WICHITA — Following the death of George Floyd in 2020, Gabrielle Griffie organized a protest in Wichita. She was arrested on two counts of unlawful assembly for “noisy conduct.”
Now, the ACLU is questioning the constitutionality of the city ordinance that led to Griffie’s arrest. The ACLU is arguing that her First Amendment rights were violated and the Kansas Supreme Court is preparing to hear arguments in the case.
Griffie said she wants the municipal ordinance, for which she was arrested for violating, struck down. The ordinance in question deals with unlawful assembly and classifies “engaging in noisy conduct tending reasonably to arouse alarm, anger or resentment in others,” as a misdemeanor crime.
Criminal defense attorney Dan Monnat argues the ordinance is too vague.
“With a vague term like this ‘noisy conduct’ that’s in the municipal ordinance, doesn’t that vague term threaten, even chill your right of expression and free speech?’” Monnat questioned.
ACLU of Kansas Legal Director Sharon Brett said the organization got involved to support Griffie. She said the ordinance for which Griffie was arrested could be used to stop free speech.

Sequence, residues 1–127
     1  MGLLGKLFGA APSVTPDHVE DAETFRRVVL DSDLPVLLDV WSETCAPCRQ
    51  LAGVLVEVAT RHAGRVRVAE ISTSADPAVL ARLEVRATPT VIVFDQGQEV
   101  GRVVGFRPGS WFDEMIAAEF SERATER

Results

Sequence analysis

“We have serious concerns that law enforcement would use this statute to crack down on dissent, to essentially target people who are speaking a message that law enforcement doesn’t agree with,” Brett said.
That’s what Griffie said happened to her.
“The number one thing that they want to control is their image. When you’re out here protesting the police displaying their actions in a negative light, they don’t want that. Of course, they don’t want that, and they have the power to take you out of that position.”
The Kansas Supreme Court will hear arguments on this case at 10:30 a.m. Tuesday. As of Monday, the City of Wichita declined to comment.
See full interview at KWCH.com